Healthy weight loss begins with understanding what a healthy diet is and what it is not. An unhealthy diet includes too many fried foods, fatty meats, sugar and processed foods, like white breads, white rice and junk food. To follow a healthy diet stick with plenty of fresh fruits and vegetables, lean meats in the proper proportions, whole grains and other products and foods low in sugar and salt. If you feel stuck, buy a recipe book of healthy foods and put together a few of those recipes. Gradually allow several of the recipes to be a part of your new healthy diet. Eat three bigger meals per day or six small meals per day, depending upon your preference and time constraints. Some nutritionists swear by the idea that you should eat six small meals per day in order to keep your insulin levels stable. Your portion size will be less if you eat this way and you may find yourself just snacking on healthy foods over the course of the day rather than eating a large meal three times per day.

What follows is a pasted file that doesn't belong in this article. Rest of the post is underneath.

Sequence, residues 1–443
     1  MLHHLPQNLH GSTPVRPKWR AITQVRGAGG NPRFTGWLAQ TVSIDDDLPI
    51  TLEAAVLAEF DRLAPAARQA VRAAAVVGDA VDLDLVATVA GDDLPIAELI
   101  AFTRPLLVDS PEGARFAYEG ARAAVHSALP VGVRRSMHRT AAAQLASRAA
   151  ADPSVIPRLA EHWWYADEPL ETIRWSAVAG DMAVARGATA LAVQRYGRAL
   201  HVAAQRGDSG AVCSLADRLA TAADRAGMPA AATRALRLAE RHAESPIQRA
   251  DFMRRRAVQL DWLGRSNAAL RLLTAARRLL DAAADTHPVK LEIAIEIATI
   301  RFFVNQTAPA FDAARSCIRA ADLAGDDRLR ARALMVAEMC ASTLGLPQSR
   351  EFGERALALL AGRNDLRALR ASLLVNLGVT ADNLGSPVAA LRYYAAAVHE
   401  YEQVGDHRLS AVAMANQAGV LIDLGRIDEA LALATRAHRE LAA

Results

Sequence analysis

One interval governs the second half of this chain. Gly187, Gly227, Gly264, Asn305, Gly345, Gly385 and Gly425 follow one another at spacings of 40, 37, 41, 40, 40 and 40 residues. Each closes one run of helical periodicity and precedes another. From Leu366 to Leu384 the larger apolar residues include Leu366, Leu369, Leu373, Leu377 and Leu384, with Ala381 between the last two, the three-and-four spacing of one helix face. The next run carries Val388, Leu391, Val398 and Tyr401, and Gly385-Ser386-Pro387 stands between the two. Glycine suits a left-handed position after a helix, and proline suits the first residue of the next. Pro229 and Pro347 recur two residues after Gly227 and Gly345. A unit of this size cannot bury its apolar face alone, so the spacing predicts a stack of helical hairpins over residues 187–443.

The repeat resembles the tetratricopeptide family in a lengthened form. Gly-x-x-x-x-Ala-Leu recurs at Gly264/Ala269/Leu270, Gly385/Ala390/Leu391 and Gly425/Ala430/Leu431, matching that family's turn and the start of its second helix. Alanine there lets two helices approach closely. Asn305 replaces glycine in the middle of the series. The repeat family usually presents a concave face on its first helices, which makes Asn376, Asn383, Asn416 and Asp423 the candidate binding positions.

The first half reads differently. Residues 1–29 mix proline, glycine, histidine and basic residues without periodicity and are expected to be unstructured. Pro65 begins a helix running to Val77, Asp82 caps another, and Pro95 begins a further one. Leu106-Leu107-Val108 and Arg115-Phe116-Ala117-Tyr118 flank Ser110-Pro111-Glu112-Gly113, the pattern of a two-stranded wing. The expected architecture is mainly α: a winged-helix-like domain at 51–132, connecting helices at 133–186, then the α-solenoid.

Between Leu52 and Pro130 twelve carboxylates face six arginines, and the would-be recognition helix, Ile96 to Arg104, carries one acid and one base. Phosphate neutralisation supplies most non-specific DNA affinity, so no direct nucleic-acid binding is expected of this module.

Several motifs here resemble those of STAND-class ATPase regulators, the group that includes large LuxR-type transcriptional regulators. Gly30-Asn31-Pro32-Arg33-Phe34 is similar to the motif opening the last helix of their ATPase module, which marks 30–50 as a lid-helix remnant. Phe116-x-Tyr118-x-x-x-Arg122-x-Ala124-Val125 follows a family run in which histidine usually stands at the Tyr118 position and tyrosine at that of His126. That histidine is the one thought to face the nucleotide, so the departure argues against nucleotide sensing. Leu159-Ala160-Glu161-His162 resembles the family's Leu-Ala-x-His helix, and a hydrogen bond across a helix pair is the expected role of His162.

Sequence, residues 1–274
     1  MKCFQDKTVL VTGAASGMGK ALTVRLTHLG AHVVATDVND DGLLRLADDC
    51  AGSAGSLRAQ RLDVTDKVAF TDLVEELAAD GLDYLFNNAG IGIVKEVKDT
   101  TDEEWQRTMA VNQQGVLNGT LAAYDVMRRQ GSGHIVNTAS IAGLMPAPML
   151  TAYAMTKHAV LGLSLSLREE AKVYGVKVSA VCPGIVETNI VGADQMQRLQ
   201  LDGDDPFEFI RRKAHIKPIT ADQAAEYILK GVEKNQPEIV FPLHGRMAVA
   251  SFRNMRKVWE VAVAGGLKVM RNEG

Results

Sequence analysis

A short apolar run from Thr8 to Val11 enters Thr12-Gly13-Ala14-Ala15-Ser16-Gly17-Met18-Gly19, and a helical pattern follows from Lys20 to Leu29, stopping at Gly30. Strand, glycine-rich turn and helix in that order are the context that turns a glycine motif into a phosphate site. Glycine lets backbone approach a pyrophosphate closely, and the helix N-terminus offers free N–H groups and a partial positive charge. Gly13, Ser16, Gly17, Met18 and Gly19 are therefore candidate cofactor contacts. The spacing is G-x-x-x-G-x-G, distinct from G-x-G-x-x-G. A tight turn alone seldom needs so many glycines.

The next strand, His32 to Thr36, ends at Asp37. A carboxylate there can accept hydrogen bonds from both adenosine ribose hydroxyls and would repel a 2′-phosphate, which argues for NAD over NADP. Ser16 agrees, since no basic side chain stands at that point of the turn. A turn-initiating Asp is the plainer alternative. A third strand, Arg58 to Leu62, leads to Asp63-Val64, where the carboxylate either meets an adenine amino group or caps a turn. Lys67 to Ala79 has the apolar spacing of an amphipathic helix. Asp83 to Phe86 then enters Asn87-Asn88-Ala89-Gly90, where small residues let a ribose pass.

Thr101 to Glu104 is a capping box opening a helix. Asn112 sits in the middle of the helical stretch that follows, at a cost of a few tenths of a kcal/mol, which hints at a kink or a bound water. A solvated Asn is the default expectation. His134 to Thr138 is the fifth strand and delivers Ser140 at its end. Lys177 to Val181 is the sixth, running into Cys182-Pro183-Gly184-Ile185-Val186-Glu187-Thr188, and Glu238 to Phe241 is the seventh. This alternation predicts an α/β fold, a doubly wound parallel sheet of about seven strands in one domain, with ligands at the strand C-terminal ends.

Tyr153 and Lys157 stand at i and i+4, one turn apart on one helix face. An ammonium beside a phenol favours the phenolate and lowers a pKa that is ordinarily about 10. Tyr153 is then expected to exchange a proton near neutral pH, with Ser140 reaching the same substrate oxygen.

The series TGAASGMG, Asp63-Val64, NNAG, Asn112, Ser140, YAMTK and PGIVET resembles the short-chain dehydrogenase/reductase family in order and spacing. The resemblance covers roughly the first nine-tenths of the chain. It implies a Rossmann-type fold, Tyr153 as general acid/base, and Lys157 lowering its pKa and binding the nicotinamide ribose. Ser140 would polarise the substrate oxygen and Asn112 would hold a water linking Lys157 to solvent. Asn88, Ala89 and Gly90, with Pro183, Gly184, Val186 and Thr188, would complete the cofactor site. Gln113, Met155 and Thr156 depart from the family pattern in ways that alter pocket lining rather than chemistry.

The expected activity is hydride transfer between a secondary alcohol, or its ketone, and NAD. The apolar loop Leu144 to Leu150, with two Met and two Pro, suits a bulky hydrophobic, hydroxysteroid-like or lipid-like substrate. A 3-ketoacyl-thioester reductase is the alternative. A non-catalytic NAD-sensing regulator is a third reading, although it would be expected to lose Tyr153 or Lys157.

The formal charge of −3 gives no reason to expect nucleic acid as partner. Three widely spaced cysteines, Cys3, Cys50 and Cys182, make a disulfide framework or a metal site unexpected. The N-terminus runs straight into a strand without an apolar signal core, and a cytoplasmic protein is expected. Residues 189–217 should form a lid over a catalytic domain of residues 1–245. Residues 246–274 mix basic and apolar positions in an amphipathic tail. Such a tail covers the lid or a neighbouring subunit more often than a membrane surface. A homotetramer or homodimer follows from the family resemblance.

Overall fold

Portion size is very important and the best way to understand portions is to read nutrition labels. You could pick up a can of “low calorie” soup and realize that the manufacturer expects you to eat two to two and a half servings per can. Now the “150 calories” listed becomes more than “300 calories”. This is because the caloric content of the food is listed “per serving” and not “per container”. You have to look at the number of servings per container in order to get a real handle on the serving size.
When it comes to meat, even the meat cuts you buy at the store are typically too large. The actual portion size of meat is 3 ounces, or about a fistful. Using the fist as a measure of portion size works for other foods as well, such as potatoes, rice and other grains. When in doubt, speak to a nutritionist about the portion size of things like butter, soups, cereals and milk. Make a list of the portion sizes used in the various food products and stick with those portion sizes when you eat. At first your body may feel cheated with smaller portion sizes and your hunger may nag at you, but over time your body will adjust to eating less and consuming fewer calories at meals, which is essential for losing weight.
Both a healthy diet and portion control will help you lose weight and begin a new lifestyle of eating that will last long after the “dieting” part of your life is over.